A debate on the future of artificial intelligence (AI) in Europe drew a full house at the European Parliament - with MEPs and Commission leaders keen to find the best way to regulate and make the most of AI, while protecting us against its worst aspects, too. "We want to discuss this because you have to be cautious. Some artificial intelligence is simple, low risk, no risk, but some artificial intelligence may be life or death for you," says Margrethe Vestager, the Executive Vice-President of the European Commission. "So if it is very risky we have to be cautious, and all the rest of it, just go, go, go." And AI is already go, go, going fast, revolutionising areas like voice recognition and translation.
During this period of progressive development and deployment of artificial intelligence, discussions around the ethical, legal, socio-economic and cultural implications of its use are increasing. What are the challenges and the strategy, and what are the values that Europe can bring to this domain? During the European Conference on AI (ECAI 2020), two special events in the format of panels discussed the challenges of AI made in the European Union, the shape of future research and industry, and the strategy to retain talent and compete with other world powers. This article collects some of the main messages from these two sessions, which included the participation of AI experts from leading European organisations and networks. Since the publication of European directives and guidance, such as the EC White Paper on AI and the Trustworthy AI Guidelines, Europe has been laying the foundation for the future vision of AI. The European strategy for AI builds on the well-known and accepted principles found in the Charter of Fundamental Rights of the European Commission and the Universal Declaration of Human Rights to define a human-centric approach, whose primary purpose is to enhance human capabilities and societal well-being.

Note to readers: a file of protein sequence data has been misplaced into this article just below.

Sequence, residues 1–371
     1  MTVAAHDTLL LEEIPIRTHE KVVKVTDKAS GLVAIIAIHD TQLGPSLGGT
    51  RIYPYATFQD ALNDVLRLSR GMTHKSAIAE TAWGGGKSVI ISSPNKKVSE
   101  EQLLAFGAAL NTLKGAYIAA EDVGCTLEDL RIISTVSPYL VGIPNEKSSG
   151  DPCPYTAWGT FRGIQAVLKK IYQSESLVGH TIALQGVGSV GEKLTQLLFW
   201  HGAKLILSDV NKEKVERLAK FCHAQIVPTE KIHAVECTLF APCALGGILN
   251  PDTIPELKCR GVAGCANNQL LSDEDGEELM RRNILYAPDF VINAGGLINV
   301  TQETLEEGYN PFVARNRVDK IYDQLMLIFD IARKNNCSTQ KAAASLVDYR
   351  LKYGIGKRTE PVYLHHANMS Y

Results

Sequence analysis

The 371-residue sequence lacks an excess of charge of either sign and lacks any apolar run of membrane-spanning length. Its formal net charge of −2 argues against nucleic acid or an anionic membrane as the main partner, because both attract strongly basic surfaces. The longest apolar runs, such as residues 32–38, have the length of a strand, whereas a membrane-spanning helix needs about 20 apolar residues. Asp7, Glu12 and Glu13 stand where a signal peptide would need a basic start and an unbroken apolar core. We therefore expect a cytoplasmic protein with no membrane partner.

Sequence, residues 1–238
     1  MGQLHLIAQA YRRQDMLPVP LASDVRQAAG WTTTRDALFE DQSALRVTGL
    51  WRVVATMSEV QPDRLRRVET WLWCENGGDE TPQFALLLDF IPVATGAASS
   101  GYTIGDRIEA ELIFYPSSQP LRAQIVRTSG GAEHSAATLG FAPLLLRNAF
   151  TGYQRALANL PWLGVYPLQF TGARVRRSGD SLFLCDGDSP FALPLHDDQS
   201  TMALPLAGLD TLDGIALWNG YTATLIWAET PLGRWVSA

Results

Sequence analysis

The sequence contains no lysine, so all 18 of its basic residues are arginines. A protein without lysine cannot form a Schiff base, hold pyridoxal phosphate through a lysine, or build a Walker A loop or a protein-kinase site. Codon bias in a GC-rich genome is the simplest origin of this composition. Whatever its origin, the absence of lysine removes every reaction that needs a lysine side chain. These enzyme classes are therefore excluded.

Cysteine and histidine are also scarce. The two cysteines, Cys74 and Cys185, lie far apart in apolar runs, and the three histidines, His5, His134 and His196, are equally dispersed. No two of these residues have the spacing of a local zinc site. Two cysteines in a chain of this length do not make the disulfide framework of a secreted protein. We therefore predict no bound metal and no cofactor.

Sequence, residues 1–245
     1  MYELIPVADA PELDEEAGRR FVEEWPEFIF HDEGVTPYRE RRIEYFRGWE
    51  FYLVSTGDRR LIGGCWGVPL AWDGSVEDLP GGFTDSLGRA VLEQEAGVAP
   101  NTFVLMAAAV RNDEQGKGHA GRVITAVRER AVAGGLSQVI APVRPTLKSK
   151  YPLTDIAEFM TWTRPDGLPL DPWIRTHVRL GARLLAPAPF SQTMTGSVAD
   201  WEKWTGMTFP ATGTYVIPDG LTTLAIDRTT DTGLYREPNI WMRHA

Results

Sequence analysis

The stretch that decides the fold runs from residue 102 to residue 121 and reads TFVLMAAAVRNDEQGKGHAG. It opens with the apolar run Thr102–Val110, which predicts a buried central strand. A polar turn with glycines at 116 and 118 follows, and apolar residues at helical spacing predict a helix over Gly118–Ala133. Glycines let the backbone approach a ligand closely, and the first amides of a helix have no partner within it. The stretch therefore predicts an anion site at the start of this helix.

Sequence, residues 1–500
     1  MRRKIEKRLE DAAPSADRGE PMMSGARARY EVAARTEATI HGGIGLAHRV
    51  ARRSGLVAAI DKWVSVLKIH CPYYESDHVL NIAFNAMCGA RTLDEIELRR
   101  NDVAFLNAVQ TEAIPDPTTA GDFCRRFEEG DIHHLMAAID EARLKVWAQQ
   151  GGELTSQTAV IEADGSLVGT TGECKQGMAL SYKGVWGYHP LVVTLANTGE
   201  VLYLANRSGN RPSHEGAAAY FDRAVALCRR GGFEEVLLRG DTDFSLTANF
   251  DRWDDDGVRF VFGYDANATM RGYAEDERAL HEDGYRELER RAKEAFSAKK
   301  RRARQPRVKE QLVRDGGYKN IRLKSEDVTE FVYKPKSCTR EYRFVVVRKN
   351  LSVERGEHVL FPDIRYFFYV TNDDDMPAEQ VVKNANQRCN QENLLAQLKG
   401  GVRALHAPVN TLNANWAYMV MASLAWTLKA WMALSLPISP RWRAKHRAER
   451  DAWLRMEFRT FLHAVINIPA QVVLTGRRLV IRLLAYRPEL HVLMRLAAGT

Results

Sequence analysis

See list and speakers following the plenary agenda, below. The Athens Roundtable is committed to advancing legal stakeholder education in AI and the law. The Roundtable is being held with the intention that attendees qualify for continuing legal education in their areas of professional practice. Attendance is upon invitation only. If you wish to attend, please request an invitation at firstname.lastname@example.org.
Artificial Intelligence is already changing society. Algorithms and machine learning are trading millions of euros in financial markets; they are predicting what people want to search for online and what shows they might like to watch on Netflix; AI is already helping police identify criminals using facial recognition (albeit with mixed results), and sifting through climate change data. Soon, AI could be driving our cars and trains (even our ships and planes). How will these new technologies transform our workplaces, our homes, our cities, and our lives? Inevitably, there will be disruption.
The European Union has published a new framework to regulate the use of artificial intelligence across the bloc's 27 member states. The proposal, which will take years to implement into law and will be subject to many tweaks and amendments during this time, nevertheless constitutes the most ambitious AI regulations seen globally to date. The regulations cover a wide range of applications, from software in self-driving cars to algorithms used to vet job candidates, and arrive at a time when countries around the world are struggling with the ethical ramifications of artificial intelligence. Similar to the EU's data privacy law, GDPR, the regulation gives the bloc the ability to fine companies that infringe its rules up to 6 percent of their global revenues, though such punishments are extremely rare. "It is a landmark proposal of this Commission. It's our first ever legal framework on artificial intelligence," said European Commissioner Margrethe Vestager during a press conference.